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Add a second head to a mini-split?

lance_p | Posted in General Questions on

I’m looking at using a ductless mini-split to heat my garage workshop area.  I also have a parking space next to the workshop area where I plan to put a car hoist.

Has anyone ever seen a second head added to a ductless mini-split?  The reason I ask is, I don’t foresee needing to heat both areas at the same time, so just wondering if I could somehow switch between heads.

The refrigerant lines might be the easy part, the electronics might be the sticking point.  Has anyone gone through this before?  Would it make more sense to just buy a small outdoor unit capable of using more than one head and go that route?  I’m thinking going that route the cost will quickly get out of control for simple garage heat.

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  1. 237ScottWilson | | #1

    It can be done but you are better off buying a mini split that is set up for two head unites or buy two mini splits depending on the size unites you need. I have a pioneer 3 zone mini split that heats and cools my house it was the best decision I ever made.

  2. Trevor_Lambert | | #2

    If I am understanding the garage you're planning, the cheapest and simplest solution (both in the short and long term) is probably to size the miniplit for both areas. Install the indoor unit in the section that you will use the most often. Close the door to the other area when not in use, open it up when you're going to use it.

  3. Expert Member
    Dana Dorsett | | #3

    >"The refrigerant lines might be the easy part, the electronics might be the sticking point. "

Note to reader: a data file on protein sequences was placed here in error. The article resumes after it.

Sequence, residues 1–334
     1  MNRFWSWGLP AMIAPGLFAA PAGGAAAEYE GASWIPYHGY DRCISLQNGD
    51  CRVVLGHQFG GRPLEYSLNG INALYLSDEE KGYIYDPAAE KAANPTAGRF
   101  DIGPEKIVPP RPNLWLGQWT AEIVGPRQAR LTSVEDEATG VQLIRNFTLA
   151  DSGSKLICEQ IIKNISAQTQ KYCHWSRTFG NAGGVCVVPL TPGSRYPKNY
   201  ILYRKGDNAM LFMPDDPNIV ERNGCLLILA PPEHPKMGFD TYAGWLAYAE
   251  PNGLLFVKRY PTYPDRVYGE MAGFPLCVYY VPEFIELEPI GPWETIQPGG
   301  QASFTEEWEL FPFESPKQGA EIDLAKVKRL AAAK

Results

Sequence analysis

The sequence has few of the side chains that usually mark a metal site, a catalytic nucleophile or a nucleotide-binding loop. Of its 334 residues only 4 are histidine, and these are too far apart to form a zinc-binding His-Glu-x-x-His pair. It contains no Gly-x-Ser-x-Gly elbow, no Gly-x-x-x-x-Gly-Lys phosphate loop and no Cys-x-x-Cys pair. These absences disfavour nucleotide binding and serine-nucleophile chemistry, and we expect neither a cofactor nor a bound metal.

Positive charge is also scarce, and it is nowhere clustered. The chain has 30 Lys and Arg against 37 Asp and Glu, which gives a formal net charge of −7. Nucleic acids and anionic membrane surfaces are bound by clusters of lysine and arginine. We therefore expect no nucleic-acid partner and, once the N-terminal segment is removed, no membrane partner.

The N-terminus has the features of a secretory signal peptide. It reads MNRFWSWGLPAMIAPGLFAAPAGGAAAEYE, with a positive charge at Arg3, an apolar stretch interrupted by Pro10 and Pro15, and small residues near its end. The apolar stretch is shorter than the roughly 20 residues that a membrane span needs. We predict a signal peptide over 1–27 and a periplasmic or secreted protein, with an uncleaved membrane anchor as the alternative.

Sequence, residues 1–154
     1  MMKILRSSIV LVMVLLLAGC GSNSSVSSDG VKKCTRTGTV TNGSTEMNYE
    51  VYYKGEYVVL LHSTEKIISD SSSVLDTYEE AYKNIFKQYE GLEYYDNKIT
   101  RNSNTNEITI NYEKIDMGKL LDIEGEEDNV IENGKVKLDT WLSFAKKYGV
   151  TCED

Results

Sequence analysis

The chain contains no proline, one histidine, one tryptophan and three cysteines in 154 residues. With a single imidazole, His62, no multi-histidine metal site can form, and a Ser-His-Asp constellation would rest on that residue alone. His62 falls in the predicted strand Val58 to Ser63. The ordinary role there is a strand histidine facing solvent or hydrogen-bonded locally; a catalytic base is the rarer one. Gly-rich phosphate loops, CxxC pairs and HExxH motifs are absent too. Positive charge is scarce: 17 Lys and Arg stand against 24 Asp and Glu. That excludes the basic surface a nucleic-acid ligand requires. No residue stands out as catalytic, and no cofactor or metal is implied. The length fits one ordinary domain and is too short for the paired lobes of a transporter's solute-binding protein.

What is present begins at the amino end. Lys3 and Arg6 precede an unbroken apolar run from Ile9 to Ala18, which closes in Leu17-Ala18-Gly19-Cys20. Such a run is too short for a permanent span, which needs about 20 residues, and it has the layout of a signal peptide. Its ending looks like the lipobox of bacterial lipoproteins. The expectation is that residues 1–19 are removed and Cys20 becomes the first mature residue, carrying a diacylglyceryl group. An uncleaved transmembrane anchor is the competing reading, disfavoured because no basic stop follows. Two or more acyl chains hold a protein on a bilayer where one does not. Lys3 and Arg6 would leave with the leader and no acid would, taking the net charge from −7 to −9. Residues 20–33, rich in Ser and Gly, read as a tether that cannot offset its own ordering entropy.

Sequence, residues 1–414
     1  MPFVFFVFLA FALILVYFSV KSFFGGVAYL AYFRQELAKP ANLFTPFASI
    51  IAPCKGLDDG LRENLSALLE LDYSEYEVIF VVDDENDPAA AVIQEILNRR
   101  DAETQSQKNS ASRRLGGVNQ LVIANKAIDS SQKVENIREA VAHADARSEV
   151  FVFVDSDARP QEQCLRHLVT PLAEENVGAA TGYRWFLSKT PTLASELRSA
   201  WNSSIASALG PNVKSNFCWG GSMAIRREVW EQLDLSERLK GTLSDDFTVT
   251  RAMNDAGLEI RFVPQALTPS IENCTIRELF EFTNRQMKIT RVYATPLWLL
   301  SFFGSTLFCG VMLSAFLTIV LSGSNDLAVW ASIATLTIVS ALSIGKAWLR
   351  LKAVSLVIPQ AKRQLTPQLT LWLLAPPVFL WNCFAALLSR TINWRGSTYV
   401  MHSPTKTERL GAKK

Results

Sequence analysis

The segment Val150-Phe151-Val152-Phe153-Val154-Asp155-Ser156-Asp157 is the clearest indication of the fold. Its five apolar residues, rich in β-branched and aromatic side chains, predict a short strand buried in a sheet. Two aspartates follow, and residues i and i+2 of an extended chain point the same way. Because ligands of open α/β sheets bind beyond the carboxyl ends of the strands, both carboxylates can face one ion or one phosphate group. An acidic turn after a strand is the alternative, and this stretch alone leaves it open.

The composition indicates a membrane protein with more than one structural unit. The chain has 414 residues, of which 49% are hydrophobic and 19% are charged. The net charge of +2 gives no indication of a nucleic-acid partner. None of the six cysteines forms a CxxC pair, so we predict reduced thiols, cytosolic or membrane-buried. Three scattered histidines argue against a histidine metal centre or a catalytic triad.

The refrigerant VALVES are probably the biggest sticking point when trying to hang a second head on a compressor designed for a single head.

  4. lance_p | | #4

    Dana, yes I meant some sort of switching valve that would direct refrigerant flow to one of the two heads. Perhaps it's not as easy as I thought?

    Trevor, I've been racking my brain trying to come up with a neat way to divide the two areas in a way that they could be opened up to each other, but in the end I think it would be less hassle to just have separate heat zones. The wall dividing the two areas will be about 17' wide and 12' tall.

    Scott, funny enough I was just browsing Panasonic's split systems on a retailer's site. Seems they offer decent units at less than Fujitsu pricing. I think purchasing two separate units might be the best way to go. It's slightly cheaper to get a two head system, but the low temp performance isn't as good as the single units and it gets pretty cold here.

    Thanks for your comments everyone.

    1. 237ScottWilson | | #6

      Are you looking at the Panasonic or Pioneer. I personally think the Pioneer is a better quality product and performs better. My mini split has kept my house 72 degs down to -3 deg so far.

      1. lance_p | | #7

        I was looking at the Panasonic units. I have no experience with either, thanks for your feedback.

  5. Trevor_Lambert | | #5

    What is the reason for the wall? If it's just so that you can isolate the two zones for heating/cooling, then I think if you do the math you'll find out that the extra cost of the second mini split or second head might exceed the cost of just keeping the whole area conditioned.

    1. lance_p | | #8

      The wall is to isolate the workshop area (28 x 17) from the main garage. I'll be doing woodworking, welding, grinding, all sorts of things that generate dust that I don't want contaminating the rest of the garage. The long wall of the workshop is actually a load bearing wall for the roof trusses so it has to be there, it's the short wall across the end that divides the workshop from the other area where I'd like to have a car hoist.

      The hoist area (17 x 14) is where I want to be able to work on a car in the winter. To close that area in and heat it is the challenge. I'm looking at maybe an insulated curtain that pulls along a ceiling mounted track with a dogleg at one end so it can extend the 17 foot dimension by a few feet when closed in.

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